|President Harry S. Truman and PFC Mike Colalillo|
The Congressional Medal of Honor Society announces that Mike Colalillo, Medal of Honor recipient, passed away Friday, December 30, 2011, in Duluth, Minnesota at age 86.
He was awarded the Medal of Honor by President Harry S. Truman at a ceremony at the White House on December 18, 1945. His heroic action occurred near Untergriesheim, Germany on April 7, 1945. Private First Class Colalillo served as a rifleman in the Second Squad, Second Platoon, Company C, First Battalion, 398th Infantry, 100th Infantry Division.
He displayed conspicuous gallantry and intrepidity in action. While he and his company were pinned down under heavy enemy fire, he stood up, shouted to the company to follow, and ran forward in the wake of a supporting tank, firing his machine pistol. Inspired by his example, his comrades advanced in the face of savage enemy fire. He continued to fight and advance against the enemy, using all means of force at his disposal. He then remained behind to help a seriously wounded comrade.
Funeral services are pending. There are 84 recipients alive today.
SOURCE Congressional Medal of Honor Society
Private Colalillo’s official Medal of Honor citation reads:
Private First Class Mike Colalillo, 2d Squad, 2d Platoon, Co. C, 1st Battalion, 398th Infantry, 100th Infantry Division was pinned down with other members of his company during an attack against strong enemy positions on 7 April 1945 in the vicinity of Untergriesheim, Germany. Heavy artillery, mortar, and machine gun fire made any move hazardous when he stood up, shouted to his company to follow, and ran forward in the wake of a supporting tank, firing his machine pistol. Inspired by his example, his comrades advanced in the face of savage enemy fire. When his weapon was struck by shrapnel and rendered useless, he climbed to the deck of a friendly tank, manned an exposed machine gun on the turret of the vehicle, and, while bullets rattled around him, fired at an enemy emplacement with such devastating accuracy that he killed or wounded at least 10 hostile soldiers and destroyed their machine gun. Maintaining his extremely dangerous post as the tank forged ahead, he blasted three more positions, destroyed another machine gun emplacement and silenced all resistance in this area, killing at least three and wounding an undetermined number of riflemen as they fled. His machine gun eventually jammed; so he secured a submachine gun from the tank crew to continue his attack on foot. When our armored forces exhausted their ammunition and the order to withdraw was given, he remained behind to help a seriously wounded comrade over several hundred yards of open terrain rocked by an intense enemy artillery and mortar barrage. By his intrepidity and inspiring courage Private First Class Colalillo gave tremendous impetus to his company’s attack, killed or wounded 25 of the enemy in bitter fighting, and assisted a wounded soldier in reaching the American lines at great risk to his own life.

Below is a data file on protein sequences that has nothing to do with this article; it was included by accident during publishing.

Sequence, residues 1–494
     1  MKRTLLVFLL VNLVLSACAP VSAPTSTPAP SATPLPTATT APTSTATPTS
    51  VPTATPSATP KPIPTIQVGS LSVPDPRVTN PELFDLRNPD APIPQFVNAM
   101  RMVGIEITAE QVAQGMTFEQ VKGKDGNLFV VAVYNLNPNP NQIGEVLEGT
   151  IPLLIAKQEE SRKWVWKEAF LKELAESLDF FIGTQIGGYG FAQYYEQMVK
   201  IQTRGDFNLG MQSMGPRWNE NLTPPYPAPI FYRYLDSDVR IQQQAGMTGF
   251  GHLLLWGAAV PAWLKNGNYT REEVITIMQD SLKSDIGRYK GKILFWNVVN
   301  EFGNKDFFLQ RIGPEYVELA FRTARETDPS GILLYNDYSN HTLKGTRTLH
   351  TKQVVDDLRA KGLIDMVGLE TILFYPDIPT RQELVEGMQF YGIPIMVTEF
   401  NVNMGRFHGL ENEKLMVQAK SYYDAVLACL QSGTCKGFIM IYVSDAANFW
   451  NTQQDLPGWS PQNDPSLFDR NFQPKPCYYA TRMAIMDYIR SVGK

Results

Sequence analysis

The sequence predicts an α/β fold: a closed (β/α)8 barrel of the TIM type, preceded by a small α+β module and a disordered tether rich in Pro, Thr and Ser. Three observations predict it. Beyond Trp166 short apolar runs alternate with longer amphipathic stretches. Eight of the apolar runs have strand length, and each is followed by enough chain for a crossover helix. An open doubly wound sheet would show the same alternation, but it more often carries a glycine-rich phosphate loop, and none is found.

|PFC Mike Colalillo|
Mike Colalillo, one of nine children, was born shortly after his parents emigrated from Italy. He grew up in a tough neighborhood in Duluth, Minnesota, and left high school without graduating. Drafted in 1944, he was an eighteen-year-old private when he landed with the 100th Army Infantry Division at Marseille that October. His unit was engaged in constant combat over the next few months as it pushed up through central France and into Germany. Through the heartbreak of losing his comrades killed in the fighting, Colalillo hung on to memories of the rare funny moments as well: stealing chickens from a rundown farm, smoking cigars from a captured cigar factory.
After performing his heroic action near Untergriesheim, Germany on April 7, 1945, Colalillo was fighting on the line a few weeks later when a pair of MPs appeared and told him that his commanding officer wanted to see him. Naturally, Colalillo wondered what he had done to get arrested, but when he arrived at company headquarters, his captain told him that he’d been recommended for the Medal of Honor. He was ordered to stay around division headquarters for the next few months so that nothing would happen to him before the presentation. He was sent home after the bombing of Hiroshima and honored by President Harry Truman at the White House on December 18, 1945. NBC: The Daily Nightly